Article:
Generate new API App Secrets
If you're a developer using the GoCardless API, it's now possible for you to change the App Secret associated with your account. Simply head to the Developer section of you GoCardless account and click ‘Generate new app secret’.
This new feature also allows you have have multiple App Secrets for a single account. You'll be able to sign requests to the GoCardless API with any of your active App Secrets. When GoCardless needs to communicate with your servers (i.e., when we send you web hooks) we'll use the App Secret marked as ‘Primary’ to sign our requests.
If you ever need to delete an App Secret, simply select the ‘Revoke’ option under the relevant key - requests can’t be sent with a revoked App Secret.
Not only does this feature give you more security, it also allows you to rotate your App Secrets with the minimum amount of downtime.
Statesman: A modern, robust Ruby state machine
- Easily composable with other Ruby objects. We need to define a state machine as a separate class and selectively apply it to our Rails models.
- DB level data integrity. We run multiple application servers, so state change related race conditions should be prevented by a database constraint.
- Full audit history of state transitions. We needed to persist transitions to the database and include unstructured metadata with each transition.
Today, we are pleased to release Statesman, the state machine library which we wish had existed.
Statesman is extremely opinionated and is designed to provide a robust audit trail and data integrity. It decouples the state machine logic from the underlying model and allows for easy composition with one or more model classes.
It provides the following features:
- Database persisted transitions for a full audit history.
- Database level transition duplication protection.
- Transition metadata - store any JSON along with a transition.
- Decoupled state machine logic
How it works
A state machine might look like this:
class PaymentStateMachine include Statesman::Machine # Define all possible states state :pending, initial: :true state :confirmed state :paid state :cancelled # Define transition rules transition from: :pending, to: [:confirmed, :cancelled] transition from: :confirmed, to: :paid end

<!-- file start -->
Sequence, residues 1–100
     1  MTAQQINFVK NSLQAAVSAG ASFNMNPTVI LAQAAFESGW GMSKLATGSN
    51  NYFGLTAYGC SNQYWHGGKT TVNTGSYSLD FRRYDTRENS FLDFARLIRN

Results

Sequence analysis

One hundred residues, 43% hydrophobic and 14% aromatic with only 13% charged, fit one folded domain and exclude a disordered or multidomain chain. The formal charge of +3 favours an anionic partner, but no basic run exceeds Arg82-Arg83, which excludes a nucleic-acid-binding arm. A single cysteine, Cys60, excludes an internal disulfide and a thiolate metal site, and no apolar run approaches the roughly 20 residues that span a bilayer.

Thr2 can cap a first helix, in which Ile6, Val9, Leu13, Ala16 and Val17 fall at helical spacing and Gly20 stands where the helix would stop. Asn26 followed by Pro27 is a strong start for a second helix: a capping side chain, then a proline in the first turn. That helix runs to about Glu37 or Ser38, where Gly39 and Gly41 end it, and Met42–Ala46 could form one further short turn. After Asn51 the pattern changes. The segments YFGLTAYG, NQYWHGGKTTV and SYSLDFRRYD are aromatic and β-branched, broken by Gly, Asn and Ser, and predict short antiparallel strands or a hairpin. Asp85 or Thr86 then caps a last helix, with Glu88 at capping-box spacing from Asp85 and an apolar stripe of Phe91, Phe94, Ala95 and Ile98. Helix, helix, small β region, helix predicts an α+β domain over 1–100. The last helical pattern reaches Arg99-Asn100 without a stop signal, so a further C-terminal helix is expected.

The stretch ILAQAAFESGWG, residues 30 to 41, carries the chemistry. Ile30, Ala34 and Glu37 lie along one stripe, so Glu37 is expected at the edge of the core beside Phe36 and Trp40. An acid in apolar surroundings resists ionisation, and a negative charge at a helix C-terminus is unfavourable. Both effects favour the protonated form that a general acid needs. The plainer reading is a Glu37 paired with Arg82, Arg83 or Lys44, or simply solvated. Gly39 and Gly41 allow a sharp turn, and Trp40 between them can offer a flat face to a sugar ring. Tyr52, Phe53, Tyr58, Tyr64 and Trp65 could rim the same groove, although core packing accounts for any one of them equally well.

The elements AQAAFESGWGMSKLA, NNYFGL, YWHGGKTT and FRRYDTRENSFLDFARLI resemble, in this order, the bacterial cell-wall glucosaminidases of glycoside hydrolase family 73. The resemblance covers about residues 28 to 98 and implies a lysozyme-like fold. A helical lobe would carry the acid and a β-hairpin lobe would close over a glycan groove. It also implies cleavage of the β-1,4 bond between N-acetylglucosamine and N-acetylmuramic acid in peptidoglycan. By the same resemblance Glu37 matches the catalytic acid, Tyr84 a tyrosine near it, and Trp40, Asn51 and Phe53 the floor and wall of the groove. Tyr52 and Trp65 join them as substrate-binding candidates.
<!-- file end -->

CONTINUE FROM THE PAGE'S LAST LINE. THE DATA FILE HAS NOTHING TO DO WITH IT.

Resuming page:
This class expects a model instance and a transition class to be injected on instantiation. Let's assume we have ActiveRecord models set up like so:
class Payment < ActiveRecord::Base has_many :payment_transitions end class PaymentTransition < ActiveRecord::Base belongs_to :payment end
We can set up a new state machine easily:
payment = Payment.find(some_id) machine = PaymentStateMachine.new(payment, transition_class: PaymentTransition)
And call a few methods:
machine.current_state # => "pending" machine.can_transition_to?(:confirmed) # => true machine.transition_to!(:confirmed) # => true machine.current_state # => "confirmed"
Under the hood statesman will create, associate and persist a new
PaymentTransition object. When we send
current_state to the
machine object it queries associated transitions and returns the state of the most recent. This is fully normalized, state is not stored on the parent
Guards & Callbacks
Often, the current state is not the only factor to determine whether a new state can be applied. Statesman supports guards which should return
false, a false return value will prevent a transition.
# ... guard_transition(from: :pending, to: :submitted) do |payment| payment.passed_fraud_check? end # ... # Assuming payment.passed_fraud_check? evaluates to false machine.can_transition_to?(:confirmed) # => false machine.transition_to!(:confirmed) # => Statesman::GuardFailedError
Callbacks are defined in the same way as guards and allow extra actions to be performed before and after a state transition:
#... before_transition(to: :cancelled) do |payment, payment_transition| payment.prepare_for_cancellation! end after_transition(to: :cancelled) do |payment, payment_transition| PaymentMailer.cancelled_payment(payment.id).deliver end #...
The examples show a Rails app using ActiveRecord, but there's also an adapter for Mongo, and an in-memory adaptor out of the box. An adaptor need only prove a small number of methods to be compatible so it should be very easy to implement for your favourite ORM. A set of Rspec examples are provided - pass these and your adapter should work just fine. Pull requests are very welcome!
Statesman includes two rails generators - one to add columns to an existing transition class and one to create a new table and transition class. Both expect to be passed the parent model name and the transition model name:
$ rails generate statesman:active_record_transition Payment PaymentTransition # => Creates a new transition model using the ActiveRecord adapter $ rails generate statesman:mongoid_transition Payment PaymentTransition # => Creates a new transition model using the Mongoid adapter $ rails generate statesman:migration Payment PaymentTransition # => Adds required attributes to an existing PaymentTransition model
We've been using Statesman in production for a while now and have been extremely happy with the results. We've removed hundreds of lines of ad-hoc state checking code and have really enjoyed the benefit of decoupling state machine logic from our data models.